It's impossible to believe that it's been seven years since director Rian Johnson and a young budding star named Joseph Gordon-Levitt teamed up for the tightly drawn high school noir flick Brick. As a first time writer and director on a major motion picture, Brick introduced us to the creative possibilities of the obviously talented Rian Johnson. Over half a decade later, the tag team of Johnson and Gordon-Levitt have gone and raised the bar even higher with their newly released sci-fi action thriller, Looper.
In 2044 time traveled hasn't been invented yet, but in 30 years from then, it will be. And although time travel quickly becomes outlawed in the future, crime organizations still find a way to send their targets back in time to have them eliminated by Loopers like Joe (played by Gordon-Levitt). Loopers are paid very well and live a glorious life in a rather desolate futuristic world. But there's one major rule for Loopers though, never let your target escape. Joe's been a loyal assassin and followed the golden rule his entire career, until the day he discovers that his target is his future self (played by Willis).
Rian Johnson's third directorial effort, Looper, is a meticulously crafted and beautifully original sci-fi adventure that proves there's still plenty of creativity floating around Hollywood. As both the writer and director on the film, Johnson conjures up one of the most believable futuristic worlds in sci-fi history. He welcomes us to a 2044 familiar enough to keep the experience authentic, but different enough to serve as an appropriate platform for the story. Perhaps the most impressive aspect of Looper is Johnson's unparalleled ability to constantly progress the film's plot. By continually planting the most subtle of seeds throughout the movie, Johnson gives his masterpiece the open-ended potential to go just about anywhere ... which he does. The writer/director clearly had visions of grandeur when he began tackling the concept of Looper. Attempting to address a complex scientific notion such as time travel requires detailed precision and some extremely ambitious ideas. But rather than devoting its entirety to explain time travel, the phenomena merely serves as a backdrop to a much larger and more important examination of the feature's main characters. Clearly Johnson can rest assured knowing that Looper hurdles over every obstacle on its path to becoming an instant sci-fi classic. Thanks, in large part, to an imaginative and taut script that leaves almost no loose ends, Looper manages to finds itself among the most memorable films of 2012.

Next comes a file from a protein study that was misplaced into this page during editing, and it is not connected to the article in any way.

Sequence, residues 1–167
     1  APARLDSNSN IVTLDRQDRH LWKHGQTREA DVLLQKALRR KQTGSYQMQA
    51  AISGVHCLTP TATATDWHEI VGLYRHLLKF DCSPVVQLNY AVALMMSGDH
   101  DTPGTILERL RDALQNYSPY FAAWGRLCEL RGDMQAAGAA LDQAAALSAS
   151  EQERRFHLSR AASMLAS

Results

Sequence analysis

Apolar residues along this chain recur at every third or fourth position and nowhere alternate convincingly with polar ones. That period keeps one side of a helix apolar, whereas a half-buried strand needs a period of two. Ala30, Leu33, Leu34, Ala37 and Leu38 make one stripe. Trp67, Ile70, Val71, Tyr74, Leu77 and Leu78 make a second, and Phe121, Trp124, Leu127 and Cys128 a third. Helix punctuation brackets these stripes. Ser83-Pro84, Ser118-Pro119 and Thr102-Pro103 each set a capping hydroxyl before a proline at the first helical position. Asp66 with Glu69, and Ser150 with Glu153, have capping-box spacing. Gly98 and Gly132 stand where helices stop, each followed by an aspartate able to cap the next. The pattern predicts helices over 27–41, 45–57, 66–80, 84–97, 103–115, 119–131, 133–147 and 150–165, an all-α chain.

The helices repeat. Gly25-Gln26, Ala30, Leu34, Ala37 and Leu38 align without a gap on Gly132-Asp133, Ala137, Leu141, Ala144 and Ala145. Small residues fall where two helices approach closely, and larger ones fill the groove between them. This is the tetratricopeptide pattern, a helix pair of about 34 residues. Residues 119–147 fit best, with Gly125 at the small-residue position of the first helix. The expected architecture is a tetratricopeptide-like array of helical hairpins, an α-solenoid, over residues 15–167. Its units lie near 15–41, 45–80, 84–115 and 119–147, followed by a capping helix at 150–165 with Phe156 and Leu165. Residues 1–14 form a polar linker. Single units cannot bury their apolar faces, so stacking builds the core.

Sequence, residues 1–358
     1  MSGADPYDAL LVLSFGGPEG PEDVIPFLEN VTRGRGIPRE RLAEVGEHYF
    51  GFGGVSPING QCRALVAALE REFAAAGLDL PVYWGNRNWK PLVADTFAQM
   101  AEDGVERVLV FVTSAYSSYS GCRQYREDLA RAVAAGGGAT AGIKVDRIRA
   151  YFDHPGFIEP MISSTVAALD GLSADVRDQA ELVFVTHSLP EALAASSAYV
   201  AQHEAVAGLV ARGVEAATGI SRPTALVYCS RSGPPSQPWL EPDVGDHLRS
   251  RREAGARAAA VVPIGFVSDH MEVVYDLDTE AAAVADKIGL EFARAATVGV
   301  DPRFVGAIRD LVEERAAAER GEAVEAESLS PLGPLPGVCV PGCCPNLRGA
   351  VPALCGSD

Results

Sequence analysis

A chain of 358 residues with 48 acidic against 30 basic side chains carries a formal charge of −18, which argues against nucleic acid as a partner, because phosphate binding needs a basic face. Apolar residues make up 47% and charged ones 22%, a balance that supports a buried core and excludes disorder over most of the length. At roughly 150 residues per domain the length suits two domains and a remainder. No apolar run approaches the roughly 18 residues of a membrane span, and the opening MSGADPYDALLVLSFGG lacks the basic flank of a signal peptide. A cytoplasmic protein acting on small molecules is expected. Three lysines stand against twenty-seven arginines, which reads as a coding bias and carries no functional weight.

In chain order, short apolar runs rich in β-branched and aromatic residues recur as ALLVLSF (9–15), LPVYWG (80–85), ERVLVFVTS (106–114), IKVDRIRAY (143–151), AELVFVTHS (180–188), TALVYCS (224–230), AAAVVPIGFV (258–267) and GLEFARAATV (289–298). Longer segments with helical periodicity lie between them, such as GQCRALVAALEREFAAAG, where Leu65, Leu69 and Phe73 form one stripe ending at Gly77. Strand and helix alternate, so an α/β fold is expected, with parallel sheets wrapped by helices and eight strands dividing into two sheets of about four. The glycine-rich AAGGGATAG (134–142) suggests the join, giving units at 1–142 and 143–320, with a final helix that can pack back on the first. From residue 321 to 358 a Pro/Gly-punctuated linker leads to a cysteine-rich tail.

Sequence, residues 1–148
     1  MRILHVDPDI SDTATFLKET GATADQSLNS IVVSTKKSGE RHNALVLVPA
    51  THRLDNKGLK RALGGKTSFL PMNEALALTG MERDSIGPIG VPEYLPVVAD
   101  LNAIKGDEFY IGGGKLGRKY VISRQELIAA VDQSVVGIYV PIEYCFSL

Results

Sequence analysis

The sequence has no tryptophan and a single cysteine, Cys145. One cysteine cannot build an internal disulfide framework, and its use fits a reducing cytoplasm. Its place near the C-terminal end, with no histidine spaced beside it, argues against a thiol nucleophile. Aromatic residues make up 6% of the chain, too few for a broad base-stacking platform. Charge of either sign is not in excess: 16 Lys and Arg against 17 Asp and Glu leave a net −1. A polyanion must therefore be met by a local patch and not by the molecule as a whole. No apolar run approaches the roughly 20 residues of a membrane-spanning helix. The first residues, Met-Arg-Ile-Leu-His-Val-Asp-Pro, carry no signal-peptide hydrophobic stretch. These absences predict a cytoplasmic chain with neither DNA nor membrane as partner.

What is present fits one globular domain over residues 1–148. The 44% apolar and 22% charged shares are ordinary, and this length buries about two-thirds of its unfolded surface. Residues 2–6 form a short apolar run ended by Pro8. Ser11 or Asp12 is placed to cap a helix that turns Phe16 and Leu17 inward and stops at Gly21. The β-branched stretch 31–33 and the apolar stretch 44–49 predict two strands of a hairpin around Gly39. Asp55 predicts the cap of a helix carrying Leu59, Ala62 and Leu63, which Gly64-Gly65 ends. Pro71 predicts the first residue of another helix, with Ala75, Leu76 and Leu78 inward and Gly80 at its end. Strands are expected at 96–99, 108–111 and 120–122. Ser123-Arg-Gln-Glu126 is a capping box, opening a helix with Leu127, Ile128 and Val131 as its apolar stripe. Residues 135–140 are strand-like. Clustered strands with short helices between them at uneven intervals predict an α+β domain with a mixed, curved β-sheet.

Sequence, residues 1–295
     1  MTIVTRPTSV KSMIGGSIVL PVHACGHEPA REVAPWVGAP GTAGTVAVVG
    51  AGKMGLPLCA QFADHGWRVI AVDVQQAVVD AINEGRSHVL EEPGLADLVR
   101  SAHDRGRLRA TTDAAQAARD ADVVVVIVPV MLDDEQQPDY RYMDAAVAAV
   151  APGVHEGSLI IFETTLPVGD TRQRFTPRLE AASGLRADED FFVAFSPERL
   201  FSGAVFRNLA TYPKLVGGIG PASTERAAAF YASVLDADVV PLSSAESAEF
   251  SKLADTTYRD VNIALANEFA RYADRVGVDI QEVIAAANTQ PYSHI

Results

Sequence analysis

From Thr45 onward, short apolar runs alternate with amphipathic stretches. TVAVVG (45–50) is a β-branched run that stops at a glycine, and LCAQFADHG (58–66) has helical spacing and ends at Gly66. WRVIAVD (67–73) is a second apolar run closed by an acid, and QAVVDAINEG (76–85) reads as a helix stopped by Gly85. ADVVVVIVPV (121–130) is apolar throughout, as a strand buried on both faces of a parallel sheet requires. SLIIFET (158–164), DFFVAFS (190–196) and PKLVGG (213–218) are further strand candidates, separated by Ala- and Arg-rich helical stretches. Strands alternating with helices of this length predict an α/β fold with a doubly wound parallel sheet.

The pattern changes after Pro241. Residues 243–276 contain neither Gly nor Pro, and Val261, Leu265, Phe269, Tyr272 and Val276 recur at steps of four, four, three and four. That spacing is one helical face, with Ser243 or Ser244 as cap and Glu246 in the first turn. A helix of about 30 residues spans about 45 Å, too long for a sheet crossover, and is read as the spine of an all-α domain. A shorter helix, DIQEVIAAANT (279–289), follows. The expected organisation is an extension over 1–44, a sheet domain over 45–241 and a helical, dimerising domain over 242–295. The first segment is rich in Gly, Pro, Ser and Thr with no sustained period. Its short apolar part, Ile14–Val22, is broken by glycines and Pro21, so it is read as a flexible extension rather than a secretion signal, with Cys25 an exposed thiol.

For as excellent and clever as the story is, Looper still lands short of perfection. One obvious flaw lies in the surprising amount of screen time given to Noah Segan's character Kid Blue. Overused and unimpressive, Segan finds himself dominating screen time all while the audience waits patiently for the film to progress. More so a complaint about the character than Segan's individual performance, Looper would have been better served without the inclination to give so much attention to such a pointless character. And for as much of a Joseph Gordon-Levitt fan as I am, he and Willis both demonstrate that they're not quite at the level of some of Hollywood's greats. While the pair's performances are by no means detracting from the film, there are a few occasional moments where they leave a little to be desired. However, these minor blemishes aren't nearly enough to call into questions the apparent success of Looper.
Rarely are we handed an epic sci-fi journey with as much originality and ingenuity as Rian Johnson's Looper. Massively entertaining from start to finish, Looper's success hinges on its innovative script and many of its strong supporting cast members such as Emily Blunt and Jeff Daniels. But perhaps the most extraordinary aspect of the film resides in its final moments. With a hair-rising finale that's sure to impress, Looper concludes in grand fashion.